Now I am noticing that halo again—not just via triple-A analog but while streaming contemporary digital recordings through my dCS, HoloAudio, and Denafrips DACs. That same shimmering aura, or something very much like it, appeared in force when I switched from audio cables costing hundreds of dollars to more comprehensively engineered and meticulously manufactured cables costing thousands of dollars. I noticed it first in Gramophone Dreams #61 with the AudioQuest's ThunderBird interconnects, and I noticed it again this month with Cardas Audio's flagship Clear Beyond interconnects and speaker cables (footnote 1).

The wires I've tried
I have not used lamp cord for speaker cable since Annette Funicello was stuffing Wild Bikinis. In the early '70s, I switched the connection between my modified Dynaco Stereo 70 amplifier and my Large Advent speakers from a homemade, braided, stranded wire to an unbraided solid core. I thought it tightened up bass transients. When I switched to the Hafler DH-200 solid state amp, I went multistrand again with Fulton and Monster Cable. I thought both took the hard edge off the DH-200. When I built tube amps in the '80s, I advocated for cloth-covered NOS Western Electric (WE) wires. I made all my DIY interconnects with twisted, unshielded pairs of WE wire and Switchcraft connectors. In the early '90s, I became a full-on Kimber Kable fanboy/devotee, using Ray's silver and copper wires as interconnect, speaker cable, and hookup wire inside my DIY amplifiers.

Silver Kimber Kable introduced me to what I call the "silver aura," a type of radiance much like the shimmering harmonic halo I experienced with analog signals. I thought this luminous aura made recordings sound beautiful and luxurious but still pure, naturally bright, and microscopically detailed. I was predisposed, therefore, to the silver-wire sound when I took over the US distribution of Audio Note Japan in 1993. Audio Note's hand-drawn silver Litz seemed relaxed and natural. I used Audio Note's silver wires exclusively until 2003, when I sold off all my fancy amps and expensive wires and reverted to a much simpler system: a Linn LP12 turntable, a Creek 4330 integrated amplifier, and my BFF Rogers LS3/5a speakers, on wall brackets. With this system, I used copper wires from the $100 end of the AudioQuest line.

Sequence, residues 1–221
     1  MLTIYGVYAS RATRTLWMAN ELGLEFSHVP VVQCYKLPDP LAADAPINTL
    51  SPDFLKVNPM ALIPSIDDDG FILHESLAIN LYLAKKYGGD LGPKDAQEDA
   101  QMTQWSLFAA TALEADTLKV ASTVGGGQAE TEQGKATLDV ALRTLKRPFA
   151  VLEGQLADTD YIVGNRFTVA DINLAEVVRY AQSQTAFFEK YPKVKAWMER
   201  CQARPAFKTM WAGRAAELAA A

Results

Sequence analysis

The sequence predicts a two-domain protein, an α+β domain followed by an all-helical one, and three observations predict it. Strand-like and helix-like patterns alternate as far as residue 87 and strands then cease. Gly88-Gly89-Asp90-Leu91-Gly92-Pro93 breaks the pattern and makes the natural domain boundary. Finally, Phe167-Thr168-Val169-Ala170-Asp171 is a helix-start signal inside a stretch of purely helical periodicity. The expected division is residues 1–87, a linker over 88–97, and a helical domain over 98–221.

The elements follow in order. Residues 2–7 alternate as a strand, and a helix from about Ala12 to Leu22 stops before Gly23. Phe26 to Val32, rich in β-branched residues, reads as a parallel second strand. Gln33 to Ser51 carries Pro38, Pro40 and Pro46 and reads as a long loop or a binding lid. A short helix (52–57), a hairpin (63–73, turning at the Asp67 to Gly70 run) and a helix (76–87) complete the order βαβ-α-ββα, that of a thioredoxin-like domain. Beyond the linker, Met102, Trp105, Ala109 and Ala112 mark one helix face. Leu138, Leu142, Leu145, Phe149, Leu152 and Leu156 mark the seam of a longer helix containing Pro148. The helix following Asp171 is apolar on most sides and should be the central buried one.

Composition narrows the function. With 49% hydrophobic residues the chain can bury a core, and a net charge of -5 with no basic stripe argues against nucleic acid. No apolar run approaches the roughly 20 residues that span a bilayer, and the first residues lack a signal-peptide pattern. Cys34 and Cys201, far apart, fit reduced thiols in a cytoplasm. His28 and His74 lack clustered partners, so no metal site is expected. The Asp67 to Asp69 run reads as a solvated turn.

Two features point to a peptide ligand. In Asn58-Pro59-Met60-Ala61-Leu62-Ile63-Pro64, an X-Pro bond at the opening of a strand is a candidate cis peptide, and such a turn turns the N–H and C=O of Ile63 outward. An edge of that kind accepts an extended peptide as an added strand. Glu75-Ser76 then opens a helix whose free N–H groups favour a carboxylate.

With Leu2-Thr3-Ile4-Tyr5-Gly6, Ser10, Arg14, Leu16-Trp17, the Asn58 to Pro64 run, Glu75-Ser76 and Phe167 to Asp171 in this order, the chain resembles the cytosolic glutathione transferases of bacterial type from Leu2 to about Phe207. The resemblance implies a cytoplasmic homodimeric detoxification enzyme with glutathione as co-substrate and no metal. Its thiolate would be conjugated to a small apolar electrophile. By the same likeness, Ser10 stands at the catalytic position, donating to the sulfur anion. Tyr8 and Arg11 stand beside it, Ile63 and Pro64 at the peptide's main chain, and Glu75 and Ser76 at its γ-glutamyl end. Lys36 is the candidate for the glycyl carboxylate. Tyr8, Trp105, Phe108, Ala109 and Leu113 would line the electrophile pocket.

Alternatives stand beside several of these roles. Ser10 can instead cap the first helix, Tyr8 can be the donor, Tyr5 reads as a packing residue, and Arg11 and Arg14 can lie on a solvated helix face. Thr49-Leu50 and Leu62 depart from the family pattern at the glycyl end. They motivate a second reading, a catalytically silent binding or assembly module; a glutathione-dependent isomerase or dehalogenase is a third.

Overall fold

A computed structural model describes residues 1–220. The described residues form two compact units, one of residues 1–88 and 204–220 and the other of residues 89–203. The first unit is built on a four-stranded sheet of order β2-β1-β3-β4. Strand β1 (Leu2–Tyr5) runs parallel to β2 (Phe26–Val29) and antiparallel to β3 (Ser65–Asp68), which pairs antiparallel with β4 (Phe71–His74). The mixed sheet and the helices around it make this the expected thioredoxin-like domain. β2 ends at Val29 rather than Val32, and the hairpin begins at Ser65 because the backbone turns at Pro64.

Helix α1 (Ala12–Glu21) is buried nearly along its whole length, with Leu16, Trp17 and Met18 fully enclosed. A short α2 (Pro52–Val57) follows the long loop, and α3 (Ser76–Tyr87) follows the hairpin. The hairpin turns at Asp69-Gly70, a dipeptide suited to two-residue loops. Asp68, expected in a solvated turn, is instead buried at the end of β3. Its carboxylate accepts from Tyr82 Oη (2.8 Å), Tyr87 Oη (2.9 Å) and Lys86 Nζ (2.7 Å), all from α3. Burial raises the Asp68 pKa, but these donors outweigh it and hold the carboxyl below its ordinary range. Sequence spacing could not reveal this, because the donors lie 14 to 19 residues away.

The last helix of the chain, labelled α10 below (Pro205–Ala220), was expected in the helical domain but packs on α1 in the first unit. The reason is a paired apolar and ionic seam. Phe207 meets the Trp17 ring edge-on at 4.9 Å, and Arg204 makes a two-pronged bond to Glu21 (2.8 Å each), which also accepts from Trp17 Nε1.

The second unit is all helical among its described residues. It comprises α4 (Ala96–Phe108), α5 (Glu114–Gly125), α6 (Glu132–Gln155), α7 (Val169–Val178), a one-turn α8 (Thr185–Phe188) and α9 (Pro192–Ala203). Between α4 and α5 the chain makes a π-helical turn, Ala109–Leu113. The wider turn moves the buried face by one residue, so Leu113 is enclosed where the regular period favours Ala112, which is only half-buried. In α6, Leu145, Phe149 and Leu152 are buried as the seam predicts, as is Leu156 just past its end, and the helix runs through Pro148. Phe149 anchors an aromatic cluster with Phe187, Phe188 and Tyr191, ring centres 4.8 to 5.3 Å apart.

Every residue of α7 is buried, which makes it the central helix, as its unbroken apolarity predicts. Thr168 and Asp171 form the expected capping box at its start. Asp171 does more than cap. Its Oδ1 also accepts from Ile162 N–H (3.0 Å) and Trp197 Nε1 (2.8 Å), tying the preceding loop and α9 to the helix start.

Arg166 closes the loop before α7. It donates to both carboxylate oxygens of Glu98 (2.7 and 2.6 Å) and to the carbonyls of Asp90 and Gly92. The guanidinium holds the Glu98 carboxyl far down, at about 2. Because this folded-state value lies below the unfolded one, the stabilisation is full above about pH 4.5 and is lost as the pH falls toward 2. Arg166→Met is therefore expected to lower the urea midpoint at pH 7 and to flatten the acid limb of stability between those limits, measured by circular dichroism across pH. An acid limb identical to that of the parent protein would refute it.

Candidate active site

I lived happily with what I call my "British Home Office System" until 2014, when I began writing for Stereophile and realized I needed to investigate how far cable engineering had advanced since Annette was a Mouseketeer. Now, here I am, worshipping deceased opera singers transported to my little room through thick, high-tech copper cables that cost several thousand dollars per meter.

Cardas Clear Beyond interconnects
Great opera singers like my beloved Maria Callas supercharge the air in front of them with the purest tones and the most dramatic dynamics. They electrify large halls to the point where the audience feels the song's energy penetrate their being. My favorite audio systems mimic this effect: They put sound into the room with vigorous, tangible force. The singer's raw energy captured on the recording is not lost. It is projected in an exciting, believable fashion.

Only a few months ago, I could not have imagined the amount of change I experienced when I removed Cardas's entry-level Iridium interconnect between the dCS Bartók DAC and Genelec's G Three active speakers and replaced it with that maker's flagship Clear Beyond interconnect. Cows from the next county came running on hearing the intensity and force of Callas's voice performing Georges Bizet's "L'amour est un oiseau rebelle," from Carmen, on Pure Maria Callas: Callas Remastered (24/96 FLAC Warner Classics/Qobuz). When I inserted the Beyond interconnect, the apparent volume of the recording venue expanded dramatically—and with that expansion came an equally dramatic sense of separation between the supporting forces of the Orchestre de l'Opéra National de Paris and the Choeurs René Duclos.

Footnote 1: Cardas Audio Ltd., 480 11th St. SE, Bandon, OR 97411. Tel: (541) 342-2484. Web:

Lars Bo's picture

Quote: “But those are just hi-fi traits (ambient detail and black background). The (product) accomplished something I feel is more important: It gave consistently clear structure to the sounds it reproduced, emphasizing the interconnectedness of harmonic forms. This, in turn, made the music feel whole and easy to connect with.”